You ought to tell the devil, because God is able, I’m able.  I’m going to forgive and bless my friends and I’m going to bless my family.  I’ll let nothing separate me from the responsibility to to love my friends and family.  I’m going to settle the issue today; I’m going to let go and let God right now!  Hallelujah!

Paul said it like this “All we like sheep have gone astray, each unto his own way;  and God has laid upon Jesus the iniquity of us all.”  Lord, have mercy!  Beloved, God reconciles people and all things to Himself through the sacrificial blood of Jesus. God’s plan to reconcile us to Himself reminds us that reconciliation requires that someone make the first move.

 

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Come apart and Rest

Psalm 131:1-3

We spend precious time trying to protect ourselves from being wronged by others. We devise plans and take pains to execute our plans to the last detail.  Yet we are still wronged.

We engage in mind-boggling conspiracy theories of which we are useless to defend. The machinations of this world are intertwined and often directed towards our demise. Many of the best and brightest of us are incarcerated unjustly.  We fight, march, and struggle for justice countless hours, months, and years. We become overwhelmed, frustrated, tired, and melancholy. The fight of life steals from us the joy of life. Some fight to live others live to fight.

But who rests?  The psalmist does. The psalmist realizes that struggle is worthwhile yet endless. There is a need for intermission.  She rests!  And while resting replenishes herself with the knowledge that God handles things that seem impossible, things beyond our control or our ability to influence.   She rests as she did upon entering this expansive universe, trusting a mother she had just met, a father she knew little about, a world she had only briefly encountered. 

Like the time spent suckling an unknown mother’s breast, she rests trusting her God of whom she knows little. She curls up quietly and wraps herself in God’s Word. She ceases her struggle and receives restoration, renewal, and strength.  She rests in childlike Faith in the assurance that her God will hold the reigns of her life.  She rests!

Find some time to rest!

A Desperate Plea for Restoration

Psalm 80:1-3

Hear us, Shepherd of Israel, you who lead Joseph like a flock. You who sit enthroned between the cherubim, shine forth 2 before Ephraim, Benjamin and Manasseh. Awaken your might; come and save us. 3 Restore us, O God; make your face shine on us, that we may be saved.

Move 1

“Our world is not okay,” these Advent readings declare in stark terms, and God’s apparent absence isn’t okay, either. We are surrounded by evil and suffering, and we’re not sure our faith can endure what our eyes reluctantly witness each day. Though we long for a Savior to rend the heavens and come down, the very ferocity of that longing often wearies our souls.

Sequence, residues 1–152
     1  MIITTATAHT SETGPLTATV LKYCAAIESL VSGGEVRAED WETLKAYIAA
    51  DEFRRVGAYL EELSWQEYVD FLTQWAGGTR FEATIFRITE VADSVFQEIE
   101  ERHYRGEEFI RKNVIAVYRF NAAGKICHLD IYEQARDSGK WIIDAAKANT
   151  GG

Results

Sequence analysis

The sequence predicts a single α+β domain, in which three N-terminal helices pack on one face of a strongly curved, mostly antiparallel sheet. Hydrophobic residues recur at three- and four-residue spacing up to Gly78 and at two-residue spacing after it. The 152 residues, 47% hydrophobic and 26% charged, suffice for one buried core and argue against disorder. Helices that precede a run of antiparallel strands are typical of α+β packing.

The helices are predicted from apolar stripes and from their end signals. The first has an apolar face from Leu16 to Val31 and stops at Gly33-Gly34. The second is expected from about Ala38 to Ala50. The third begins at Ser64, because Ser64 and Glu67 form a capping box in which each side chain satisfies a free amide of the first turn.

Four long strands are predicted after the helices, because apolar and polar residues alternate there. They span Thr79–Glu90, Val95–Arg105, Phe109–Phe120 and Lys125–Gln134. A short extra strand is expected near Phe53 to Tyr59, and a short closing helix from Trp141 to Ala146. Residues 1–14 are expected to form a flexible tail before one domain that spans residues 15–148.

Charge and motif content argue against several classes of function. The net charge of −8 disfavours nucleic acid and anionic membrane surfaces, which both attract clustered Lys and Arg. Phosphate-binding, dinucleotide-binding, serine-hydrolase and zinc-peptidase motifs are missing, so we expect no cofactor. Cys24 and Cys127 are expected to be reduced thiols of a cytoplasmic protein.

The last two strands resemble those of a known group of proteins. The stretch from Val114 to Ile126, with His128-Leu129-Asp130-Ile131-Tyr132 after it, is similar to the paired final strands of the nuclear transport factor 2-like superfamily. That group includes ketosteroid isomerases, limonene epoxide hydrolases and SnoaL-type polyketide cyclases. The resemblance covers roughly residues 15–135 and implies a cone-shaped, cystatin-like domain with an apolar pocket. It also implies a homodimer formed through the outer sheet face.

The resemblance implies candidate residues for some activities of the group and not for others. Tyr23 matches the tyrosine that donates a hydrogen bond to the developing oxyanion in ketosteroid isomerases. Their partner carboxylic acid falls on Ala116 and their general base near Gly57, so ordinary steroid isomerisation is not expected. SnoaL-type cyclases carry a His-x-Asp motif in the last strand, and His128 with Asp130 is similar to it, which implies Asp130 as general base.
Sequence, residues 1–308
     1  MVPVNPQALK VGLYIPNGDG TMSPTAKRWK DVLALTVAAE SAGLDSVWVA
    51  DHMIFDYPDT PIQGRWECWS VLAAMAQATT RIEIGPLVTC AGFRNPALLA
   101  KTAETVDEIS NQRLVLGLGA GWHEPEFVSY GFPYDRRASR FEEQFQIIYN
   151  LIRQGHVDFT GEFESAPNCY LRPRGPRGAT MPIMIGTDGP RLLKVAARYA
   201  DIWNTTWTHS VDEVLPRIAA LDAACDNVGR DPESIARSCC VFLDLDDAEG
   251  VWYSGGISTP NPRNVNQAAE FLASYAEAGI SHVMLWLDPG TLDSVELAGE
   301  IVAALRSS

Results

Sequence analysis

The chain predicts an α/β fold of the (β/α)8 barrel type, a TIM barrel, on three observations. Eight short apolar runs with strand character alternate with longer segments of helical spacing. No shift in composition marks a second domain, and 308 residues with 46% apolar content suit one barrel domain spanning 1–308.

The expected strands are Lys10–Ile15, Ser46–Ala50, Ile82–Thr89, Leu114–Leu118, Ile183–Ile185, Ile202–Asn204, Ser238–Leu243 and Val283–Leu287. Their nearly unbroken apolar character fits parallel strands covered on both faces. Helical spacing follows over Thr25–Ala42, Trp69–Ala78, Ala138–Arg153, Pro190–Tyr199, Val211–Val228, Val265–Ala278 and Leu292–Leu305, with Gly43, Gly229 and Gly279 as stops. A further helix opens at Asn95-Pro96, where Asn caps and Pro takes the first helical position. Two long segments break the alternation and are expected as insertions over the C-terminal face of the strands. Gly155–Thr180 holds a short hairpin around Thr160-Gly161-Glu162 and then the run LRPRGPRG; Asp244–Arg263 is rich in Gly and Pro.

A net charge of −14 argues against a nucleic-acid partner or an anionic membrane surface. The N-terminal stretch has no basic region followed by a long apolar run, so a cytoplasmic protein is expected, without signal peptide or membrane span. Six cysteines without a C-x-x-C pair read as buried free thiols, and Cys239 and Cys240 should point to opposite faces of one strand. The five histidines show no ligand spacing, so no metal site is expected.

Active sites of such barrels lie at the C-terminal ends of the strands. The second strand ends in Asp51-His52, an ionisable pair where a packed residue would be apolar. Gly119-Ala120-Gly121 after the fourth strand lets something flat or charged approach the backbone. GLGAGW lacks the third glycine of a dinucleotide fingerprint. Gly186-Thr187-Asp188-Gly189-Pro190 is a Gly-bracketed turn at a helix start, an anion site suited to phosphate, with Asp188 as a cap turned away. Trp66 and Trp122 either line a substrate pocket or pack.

The first gift of Advent, then, is the permission to tell the truth, even if that truth is laced with sorrow. We are invited to describe life “on earth as it is,” and not as we mistakenly assume our religion requires us to render it.[1]

Cities are exploding over worsening racial injustice and police misconduct. Football players like Ray Rice get a free pass on domestic violence. Colleges shrug off epidemics of rape and cheating.

Banks and the financially independent wage unrelenting war on their fellow Americans. Descendants of immigrants turn against new arrivals and call it patriotism. Large companies like General Motors sell defective products. Lobbyists control our legislators, and they in turn deny votes and basic rights to certain citizens.[2]

The second is the gift — and the discipline — of waiting. During Advent, we live with quiet anticipation in the “not yet.” We stop rushing, and decide to call sacred what is yet in-process and unformed. As Paul puts it in this week’s reading from 1st Corinthians, we “wait for the revealing of our Lord Jesus Christ.”

This is no easy task in the modern world, which applauds arrivals, finish lines, shortcuts, and end products, far more than it does the meandering journey or odd way station. Eugene Peterson calls the Christian life “a long obedience in the same direction,” and I don’t think we can get more counter-cultural than that. If the secular world speeds past darkness to the safe certainty of light, then Advent reminds us that necessary things — things worth waiting for — happen in the dark. Next spring’s seeds break open in dark winter soil. God’s Spirit hovers over dark water, preparing to create worlds. The child we yearn for grows in the deep darkness of the womb. “Our food is expectation,” writes Nora Gallagher about Advent. In this season, we strive to find, “not perfection, but possibility.”

Thirdly, Advent prepares us for the God who is coming — a God who will turn out to be very different from the one we expect and maybe even hope to find.[3]

The end of all this prayer, all this pleading with God is ‘we want some peace in our lives; we want peace in our world.” But what is peace without God as King and Sovereign. Certainly the bible declares “There is no peace to the wicked.” So if this plea is to be fulfilled, somebody has to invite God into their lives as Lord and King. Indeed, what we need is restoration. Thus we find ourselves waiting and God finds himself waiting. We wait for God and God waits upon us. God waits for us to change our attitudes and lifestyle to that of a worshipper. We wait until we’re so sick and tired of being sick and tired until we are able to change to meet God’s demands. Waiting then is for both God and man. And that is why peace alludes us; Restoration precedes peace!